A commonly asked question is why invest in Redfields to Greenfields during this economically challenging period in our history. Interestingly, there have been a number of occasions when our nation has embarked on major infrastructure projects during “down years” with transformative outcomes for our economy. Below are examples of such projects.
Erie Canal – 1817
In the aftermath of the War of 1812, the American economy experienced a boom and subsequent bust, characterized by a banking crisis, high unemployment, plummeting commodity prices, etc. Conditions were very dire by 1820
The Canal Fund, commissioned by the New York Legislature, borrowed nearly $8 milling to complete the canal. Despite the large debt incurred, they were all repaid within 11 years of canal operations; $500,000 were raised in tolls in just 1826, five times the interest due on outstanding bonds.
Funding: Public (New York State)
Transcontinental Railroad – 1862
Constructed during the unsettled political climate of the years just preceding and during the American Civil War, the Pacific Railroad Act was enacted by Congress and signed into law by Abraham Lincoln on July 1, 1862. The Act authorized right of way grants and issued $60 million in government bonds to the Union Pacific, which was in turn authorized to sell $100 million in stock.
Funding: Mixed (Federal Subsidies)
Panama Canal – 1904
Following the Spanish American War and during an economic depression caused by the over-built railroad industry, the United States, under President Theodor Roosevelt, began work on the Panama Canal in 1904. The constructed canal created a 48 mile shortcut between the Atlantic and Pacific Oceans, and was completed in 1914, two years ahead of schedule.
National Park Service and US Forest Service – 1933
By the end of the 19th century, widespread industrialization has left many Americans worried about whether the country will have any pristine land left. Congress has yet to establish clear judicial authority or appropriations for the protection of the parks.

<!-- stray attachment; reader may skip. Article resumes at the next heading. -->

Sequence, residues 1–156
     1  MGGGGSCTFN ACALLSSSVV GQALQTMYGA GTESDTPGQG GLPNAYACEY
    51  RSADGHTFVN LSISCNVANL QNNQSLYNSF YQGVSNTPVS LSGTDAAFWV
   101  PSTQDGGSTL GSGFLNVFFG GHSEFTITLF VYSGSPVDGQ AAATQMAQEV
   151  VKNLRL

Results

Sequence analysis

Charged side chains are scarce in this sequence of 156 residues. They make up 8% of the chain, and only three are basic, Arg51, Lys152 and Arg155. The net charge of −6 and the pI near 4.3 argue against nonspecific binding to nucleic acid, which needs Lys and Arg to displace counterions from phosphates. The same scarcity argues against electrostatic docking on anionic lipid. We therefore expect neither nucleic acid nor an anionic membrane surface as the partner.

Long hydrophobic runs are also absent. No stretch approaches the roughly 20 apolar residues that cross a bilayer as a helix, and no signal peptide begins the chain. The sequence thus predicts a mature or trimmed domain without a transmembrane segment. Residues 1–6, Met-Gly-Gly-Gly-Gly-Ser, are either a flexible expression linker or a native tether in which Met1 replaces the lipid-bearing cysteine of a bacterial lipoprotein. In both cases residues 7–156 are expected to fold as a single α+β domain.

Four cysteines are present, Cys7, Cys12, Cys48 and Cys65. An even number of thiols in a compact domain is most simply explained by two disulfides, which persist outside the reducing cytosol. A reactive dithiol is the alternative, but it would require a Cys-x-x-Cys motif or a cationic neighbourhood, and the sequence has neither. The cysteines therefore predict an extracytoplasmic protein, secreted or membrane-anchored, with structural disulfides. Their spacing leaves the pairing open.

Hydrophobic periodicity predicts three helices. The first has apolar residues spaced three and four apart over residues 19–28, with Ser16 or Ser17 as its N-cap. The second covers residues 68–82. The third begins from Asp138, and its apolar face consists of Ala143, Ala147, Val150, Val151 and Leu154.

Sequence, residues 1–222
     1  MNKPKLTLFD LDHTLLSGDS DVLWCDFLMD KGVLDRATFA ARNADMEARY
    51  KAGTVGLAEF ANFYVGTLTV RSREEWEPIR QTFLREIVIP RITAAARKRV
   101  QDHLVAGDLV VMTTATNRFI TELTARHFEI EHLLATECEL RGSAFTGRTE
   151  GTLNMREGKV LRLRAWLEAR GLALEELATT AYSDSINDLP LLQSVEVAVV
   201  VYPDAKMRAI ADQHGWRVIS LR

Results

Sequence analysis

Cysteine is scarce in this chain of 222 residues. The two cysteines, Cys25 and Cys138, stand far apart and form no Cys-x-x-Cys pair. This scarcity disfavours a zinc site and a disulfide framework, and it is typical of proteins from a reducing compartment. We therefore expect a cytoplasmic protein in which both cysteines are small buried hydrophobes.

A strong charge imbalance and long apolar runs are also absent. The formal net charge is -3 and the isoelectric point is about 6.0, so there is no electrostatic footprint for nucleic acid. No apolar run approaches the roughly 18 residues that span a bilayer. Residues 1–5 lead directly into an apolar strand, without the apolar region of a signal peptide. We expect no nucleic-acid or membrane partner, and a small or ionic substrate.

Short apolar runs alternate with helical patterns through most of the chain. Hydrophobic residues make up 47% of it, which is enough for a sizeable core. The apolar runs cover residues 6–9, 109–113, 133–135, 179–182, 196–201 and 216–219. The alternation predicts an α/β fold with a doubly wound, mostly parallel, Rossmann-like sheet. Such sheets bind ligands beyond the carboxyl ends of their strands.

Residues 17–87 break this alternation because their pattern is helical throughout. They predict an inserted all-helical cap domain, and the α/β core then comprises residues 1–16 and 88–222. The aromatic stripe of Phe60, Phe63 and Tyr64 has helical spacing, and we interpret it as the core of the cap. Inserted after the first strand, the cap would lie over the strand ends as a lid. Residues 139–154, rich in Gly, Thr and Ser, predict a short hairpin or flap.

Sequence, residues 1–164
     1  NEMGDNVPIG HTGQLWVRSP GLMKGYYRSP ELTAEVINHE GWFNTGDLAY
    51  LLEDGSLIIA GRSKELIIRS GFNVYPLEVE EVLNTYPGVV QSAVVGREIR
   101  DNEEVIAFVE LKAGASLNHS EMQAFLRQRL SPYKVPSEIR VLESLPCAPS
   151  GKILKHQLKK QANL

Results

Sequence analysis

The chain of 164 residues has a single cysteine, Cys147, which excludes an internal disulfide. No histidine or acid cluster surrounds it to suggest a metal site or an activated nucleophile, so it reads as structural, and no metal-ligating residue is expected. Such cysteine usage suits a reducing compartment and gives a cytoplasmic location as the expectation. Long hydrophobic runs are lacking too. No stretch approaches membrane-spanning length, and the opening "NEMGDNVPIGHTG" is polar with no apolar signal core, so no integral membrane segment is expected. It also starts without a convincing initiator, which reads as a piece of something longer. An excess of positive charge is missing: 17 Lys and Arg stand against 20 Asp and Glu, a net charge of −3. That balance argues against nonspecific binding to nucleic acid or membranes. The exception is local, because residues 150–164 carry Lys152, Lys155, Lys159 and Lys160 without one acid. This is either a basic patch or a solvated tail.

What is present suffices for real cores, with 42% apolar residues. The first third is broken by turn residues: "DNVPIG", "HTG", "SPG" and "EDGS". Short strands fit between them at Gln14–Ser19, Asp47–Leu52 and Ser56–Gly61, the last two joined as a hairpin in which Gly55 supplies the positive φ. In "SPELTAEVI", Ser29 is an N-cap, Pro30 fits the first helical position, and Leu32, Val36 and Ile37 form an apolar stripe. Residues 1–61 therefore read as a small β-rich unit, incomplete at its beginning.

Established in 1933 to relieve the unemployment resulting from the Great Depression and provide natural resource conservation, this New Deal program employed more than 3 million men as construction and maintenance workers.
Electrification – 1935
During the Great Depression, the Rural Electrification Administration, one of the New Deal agencies created under President Franklin Delano Roosevelt, was created, on May 11, 1935, with the primary goal of promoting rural electrification. The REA made loans available to local electrification cooperatives, which operated lines and distributed electricity.
By 1939, the REA served 288,000 households, prompting private business to extend service into the countryside and to lower rates.
Funding: Mixed (Federal loan system)
Tennessee Valley AUthority – 1935
The Tennessee Valley Authority is a federally owned corporation created to provide navigation, flood control, electricity generation and economic development in the Tennessee Valley, a region particularly impacted by the Great Depression.
Funding: Mixed (public sold to private)
Interstate Highway System – 1945
I 56tre3Interstate Highway System is a network of limited-access highways. The entire system, as of 2006, has a total length of 46,876 miles making it both the largest highway system in the world and, at a cost of $114 billion, is the largest public works project in history.
Funding: Public (90% Fed, 10% state)